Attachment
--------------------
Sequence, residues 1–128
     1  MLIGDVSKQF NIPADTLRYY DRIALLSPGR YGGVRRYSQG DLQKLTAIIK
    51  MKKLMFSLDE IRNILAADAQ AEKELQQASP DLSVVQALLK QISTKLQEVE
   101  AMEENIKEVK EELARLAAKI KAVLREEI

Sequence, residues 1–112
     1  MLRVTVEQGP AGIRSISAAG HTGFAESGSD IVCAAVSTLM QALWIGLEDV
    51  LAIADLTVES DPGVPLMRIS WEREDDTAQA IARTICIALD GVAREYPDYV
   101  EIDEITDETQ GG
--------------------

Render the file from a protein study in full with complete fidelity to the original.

Sequence, residues 1–128
     1  MLIGDVSKQF NIPADTLRYY DRIALLSPGR YGGVRRYSQG DLQKLTAIIK
    51  MKKLMFSLDE IRNILAADAQ AEKELQQASP DLSVVQALLK QISTKLQEVE
   101  AMEENIKEVK EELARLAAKI KAVLREEI

Sequence, residues 1–112
     1  MLRVTVEQGP AGIRSISAAG HTGFAESGSD IVCAAVSTLM QALWIGLEDV
    51  LAIADLTVES DPGVPLMRIS WEREDDTAQA IARTICIALD GVAREYPDYV
   101  EIDEITDETQ GG